Considerations for Running SQL Server on Kubernetes
Kubernetes is an open-source orchestration and management system for containers. It is an exciting technology to learn once you begin to embrace the cloud platforms. As a DBA, how should you leverage running SQL Servers on containers and deploying them to Kubernetes?
For this tip, we will discuss the different considerations before you begin deploying your SQL Servers images in Kubernetes.
How does Kubernetes work?
Kubernetes is mainly an orchestration tool. You might say you have hundreds of containers running applications and databases. Kubernetes offers a highly scalable, reliable control plane to run these containers. Many SQL Server container images have been published and made public some years back. One very popular container repository is the Docker hub site.
Key Benefits of Running SQL Server in Containers
Here is a great tip that explains the containers for SQL Servers on Windows and Linux. One of the key benefits of having images of SQL Servers on containers is that you skip the installation and configuration part. Basically, you have an image of your database server and its run and availability is orchestrated by the Kubernetes Cluster.
Inside the Kubernetes Cluster, there is a control plane that manages and orchestrates the nodes, which in turn is running the pods. Pods are where your SQL Server container is running and your data and logs are sitting on persistent volumes under the hood.
Ideally, when considering if running SQL Servers in Kubernetes is appropriate for your use case, make sure to test and deploy with a POC or staging environment. Make sure to understand the gears that are running behind the scenes. Understand what happens when the pods, where your SQL container is, die, the data loss acceptable and storage configurations. Here is a good link on SQL internals for containers.
Deploying SQL Container in Azure Kubernetes Cluster
For this tip, I will share how to deploy an empty SQL Server running on Linux to an Azure Kubernetes Cluster. An existing Azure Kubernetes Cluster is required for this tip. If you do not have yet a running Azure Kubernetes Cluster, you can start to create one here.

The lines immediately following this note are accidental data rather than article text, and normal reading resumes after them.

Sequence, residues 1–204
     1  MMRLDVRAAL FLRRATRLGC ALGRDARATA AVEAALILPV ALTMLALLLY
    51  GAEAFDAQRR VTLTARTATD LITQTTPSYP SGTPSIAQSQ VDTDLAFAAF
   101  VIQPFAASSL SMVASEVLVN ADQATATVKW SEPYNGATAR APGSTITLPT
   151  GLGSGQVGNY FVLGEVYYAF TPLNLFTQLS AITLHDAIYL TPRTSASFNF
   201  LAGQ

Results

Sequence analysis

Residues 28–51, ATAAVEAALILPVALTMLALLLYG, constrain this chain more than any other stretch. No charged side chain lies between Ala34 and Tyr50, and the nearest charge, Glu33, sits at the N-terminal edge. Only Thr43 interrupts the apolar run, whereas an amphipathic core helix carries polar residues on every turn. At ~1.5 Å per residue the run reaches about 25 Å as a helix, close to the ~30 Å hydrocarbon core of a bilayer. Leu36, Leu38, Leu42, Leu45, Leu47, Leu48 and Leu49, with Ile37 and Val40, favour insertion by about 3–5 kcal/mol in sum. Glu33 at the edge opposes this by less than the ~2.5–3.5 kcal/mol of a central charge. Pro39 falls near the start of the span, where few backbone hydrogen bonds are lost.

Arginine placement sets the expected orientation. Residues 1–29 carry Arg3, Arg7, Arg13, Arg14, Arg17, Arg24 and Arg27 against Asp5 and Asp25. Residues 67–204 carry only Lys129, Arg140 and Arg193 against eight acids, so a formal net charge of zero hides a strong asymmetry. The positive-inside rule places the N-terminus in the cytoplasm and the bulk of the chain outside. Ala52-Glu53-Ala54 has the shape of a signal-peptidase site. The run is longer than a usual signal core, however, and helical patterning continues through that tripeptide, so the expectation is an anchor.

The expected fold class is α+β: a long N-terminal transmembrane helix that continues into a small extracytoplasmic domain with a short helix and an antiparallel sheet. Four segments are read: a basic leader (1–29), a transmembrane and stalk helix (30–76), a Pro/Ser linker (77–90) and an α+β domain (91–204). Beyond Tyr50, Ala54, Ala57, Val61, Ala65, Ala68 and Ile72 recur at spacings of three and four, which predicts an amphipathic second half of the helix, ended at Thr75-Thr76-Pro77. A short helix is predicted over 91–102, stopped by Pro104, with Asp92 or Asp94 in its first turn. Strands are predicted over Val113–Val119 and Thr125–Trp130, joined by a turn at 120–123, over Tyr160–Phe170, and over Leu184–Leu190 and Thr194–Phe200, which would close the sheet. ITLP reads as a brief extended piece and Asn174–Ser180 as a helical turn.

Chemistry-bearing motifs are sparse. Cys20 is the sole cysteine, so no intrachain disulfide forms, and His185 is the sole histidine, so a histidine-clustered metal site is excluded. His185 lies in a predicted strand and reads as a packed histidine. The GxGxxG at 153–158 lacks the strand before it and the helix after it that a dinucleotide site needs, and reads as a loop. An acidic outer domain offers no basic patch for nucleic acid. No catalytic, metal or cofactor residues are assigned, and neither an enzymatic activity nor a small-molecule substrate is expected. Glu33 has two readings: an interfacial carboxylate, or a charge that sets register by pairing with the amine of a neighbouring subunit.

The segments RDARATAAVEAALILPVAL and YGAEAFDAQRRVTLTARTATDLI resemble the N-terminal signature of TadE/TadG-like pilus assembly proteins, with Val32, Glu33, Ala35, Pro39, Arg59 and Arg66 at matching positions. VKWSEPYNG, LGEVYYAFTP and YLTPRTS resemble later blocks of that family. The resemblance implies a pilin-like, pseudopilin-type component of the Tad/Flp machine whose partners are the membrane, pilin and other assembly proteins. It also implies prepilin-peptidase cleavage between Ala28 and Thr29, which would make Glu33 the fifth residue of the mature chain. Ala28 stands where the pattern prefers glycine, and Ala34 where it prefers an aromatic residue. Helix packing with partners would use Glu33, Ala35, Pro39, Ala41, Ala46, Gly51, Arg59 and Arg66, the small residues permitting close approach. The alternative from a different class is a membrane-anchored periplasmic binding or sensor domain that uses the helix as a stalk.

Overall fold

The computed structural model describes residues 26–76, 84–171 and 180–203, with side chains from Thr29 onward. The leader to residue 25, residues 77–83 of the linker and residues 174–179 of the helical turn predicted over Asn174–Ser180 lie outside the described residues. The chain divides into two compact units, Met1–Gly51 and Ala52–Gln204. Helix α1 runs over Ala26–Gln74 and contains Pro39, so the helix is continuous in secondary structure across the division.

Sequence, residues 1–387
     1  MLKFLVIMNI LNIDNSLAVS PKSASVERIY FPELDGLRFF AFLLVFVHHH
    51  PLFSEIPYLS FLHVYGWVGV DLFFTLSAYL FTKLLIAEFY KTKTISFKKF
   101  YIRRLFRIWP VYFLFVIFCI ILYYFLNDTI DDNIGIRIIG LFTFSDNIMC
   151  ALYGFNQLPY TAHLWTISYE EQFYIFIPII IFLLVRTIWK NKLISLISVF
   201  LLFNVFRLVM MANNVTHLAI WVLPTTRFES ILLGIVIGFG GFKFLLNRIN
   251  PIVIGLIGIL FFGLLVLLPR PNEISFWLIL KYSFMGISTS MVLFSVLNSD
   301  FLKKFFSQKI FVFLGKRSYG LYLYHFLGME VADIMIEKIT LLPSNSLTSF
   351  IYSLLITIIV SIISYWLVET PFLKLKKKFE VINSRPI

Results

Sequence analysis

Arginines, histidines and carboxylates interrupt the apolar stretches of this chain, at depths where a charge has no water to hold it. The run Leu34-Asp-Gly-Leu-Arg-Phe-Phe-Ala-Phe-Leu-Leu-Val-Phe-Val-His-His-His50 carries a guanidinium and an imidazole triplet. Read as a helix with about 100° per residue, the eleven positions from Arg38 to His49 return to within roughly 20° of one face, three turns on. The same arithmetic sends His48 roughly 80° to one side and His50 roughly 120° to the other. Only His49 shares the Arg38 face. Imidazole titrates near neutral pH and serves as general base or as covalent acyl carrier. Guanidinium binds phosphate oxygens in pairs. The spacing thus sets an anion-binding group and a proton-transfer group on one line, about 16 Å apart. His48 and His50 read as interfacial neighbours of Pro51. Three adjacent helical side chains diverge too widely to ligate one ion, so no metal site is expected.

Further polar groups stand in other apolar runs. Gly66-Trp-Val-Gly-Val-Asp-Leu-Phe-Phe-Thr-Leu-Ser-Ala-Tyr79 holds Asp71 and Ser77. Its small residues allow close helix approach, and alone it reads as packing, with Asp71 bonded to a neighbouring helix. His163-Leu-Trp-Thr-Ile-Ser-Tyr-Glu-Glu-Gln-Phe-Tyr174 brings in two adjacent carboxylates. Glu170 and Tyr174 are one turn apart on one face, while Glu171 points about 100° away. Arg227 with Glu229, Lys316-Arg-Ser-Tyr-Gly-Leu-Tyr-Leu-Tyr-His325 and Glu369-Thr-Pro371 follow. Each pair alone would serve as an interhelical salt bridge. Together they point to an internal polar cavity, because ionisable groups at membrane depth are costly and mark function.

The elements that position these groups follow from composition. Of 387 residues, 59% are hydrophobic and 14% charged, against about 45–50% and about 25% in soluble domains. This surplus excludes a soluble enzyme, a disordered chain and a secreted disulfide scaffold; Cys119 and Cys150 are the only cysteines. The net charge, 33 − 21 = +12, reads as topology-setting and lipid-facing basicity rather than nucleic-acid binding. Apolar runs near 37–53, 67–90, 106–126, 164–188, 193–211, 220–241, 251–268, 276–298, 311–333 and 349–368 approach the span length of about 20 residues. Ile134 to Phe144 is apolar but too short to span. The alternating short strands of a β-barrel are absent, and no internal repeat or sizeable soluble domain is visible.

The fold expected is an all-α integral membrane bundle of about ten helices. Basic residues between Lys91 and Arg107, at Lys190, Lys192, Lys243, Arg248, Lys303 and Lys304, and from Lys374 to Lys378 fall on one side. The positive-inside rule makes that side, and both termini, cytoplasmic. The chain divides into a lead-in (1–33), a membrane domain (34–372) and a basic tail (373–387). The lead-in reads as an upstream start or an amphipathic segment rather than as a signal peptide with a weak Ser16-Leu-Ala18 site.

Once you have a running AKS, connect to it via PowerShell or Azure CLI. To connect to AKS via Azure CLI use the following:
az account set --subscription <subscriptionguid> az aks get-credentials --resource-group <resourcegroupname> --name <kubernetes cluster name>
Also proceed to install kubectl via PowerShell or Azure CLI. Kubectl is the PowerShell command to manage your AKS. To setup kubectl on your server you can do this with these two options below.
Install-Script -Name 'install-kubectl' -Scope CurrentUser -Force
Or via CMD Window if you already have curl:
curl -LO https://dl.k8s.io/release/v1.20.0/bin/windows/amd64/kubectl.exe
First we create the SA password, the SQL login we need to connect to SQL Server after we deploy it. Make sure to make it a bit complex and keep it where you can retrieve for connecting later.
.\kubectl create secret generic mssql --from-literal=SA_PASSWORD=”yourpassword” --namespace=”database”
To validate that our secret mssql password is created, we run the .\kubectl describe secret. The parameter --namespace is optional if you have not created a namespace.
Next we need to create persistent volume. Persistent volumes are independent storage volumes where data is written. When creating a persistent volume, they are like storage pods, that is claimed by your pods. Thus, we need to create a persistent volume claim (pvc). For this tip, we will create a persistent volume claim using Azure disk.